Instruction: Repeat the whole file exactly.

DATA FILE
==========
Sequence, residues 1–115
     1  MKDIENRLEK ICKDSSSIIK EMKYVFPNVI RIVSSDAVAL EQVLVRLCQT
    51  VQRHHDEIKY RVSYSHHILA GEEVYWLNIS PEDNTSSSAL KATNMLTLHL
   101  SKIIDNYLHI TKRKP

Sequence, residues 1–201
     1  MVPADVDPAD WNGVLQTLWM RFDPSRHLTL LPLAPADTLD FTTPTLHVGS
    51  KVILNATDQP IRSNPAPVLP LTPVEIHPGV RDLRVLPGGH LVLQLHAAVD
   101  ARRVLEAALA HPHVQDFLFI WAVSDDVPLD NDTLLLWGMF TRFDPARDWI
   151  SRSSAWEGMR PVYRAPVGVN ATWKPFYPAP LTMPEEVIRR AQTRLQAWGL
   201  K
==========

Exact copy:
Sequence, residues 1–115
     1  MKDIENRLEK ICKDSSSIIK EMKYVFPNVI RIVSSDAVAL EQVLVRLCQT
    51  VQRHHDEIKY RVSYSHHILA GEEVYWLNIS PEDNTSSSAL KATNMLTLHL
   101  SKIIDNYLHI TKRKP

Sequence, residues 1–201
     1  MVPADVDPAD WNGVLQTLWM RFDPSRHLTL LPLAPADTLD FTTPTLHVGS
    51  KVILNATDQP IRSNPAPVLP LTPVEIHPGV RDLRVLPGGH LVLQLHAAVD
   101  ARRVLEAALA HPHVQDFLFI WAVSDDVPLD NDTLLLWGMF TRFDPARDWI
   151  SRSSAWEGMR PVYRAPVGVN ATWKPFYPAP LTMPEEVIRR AQTRLQAWGL
   201  K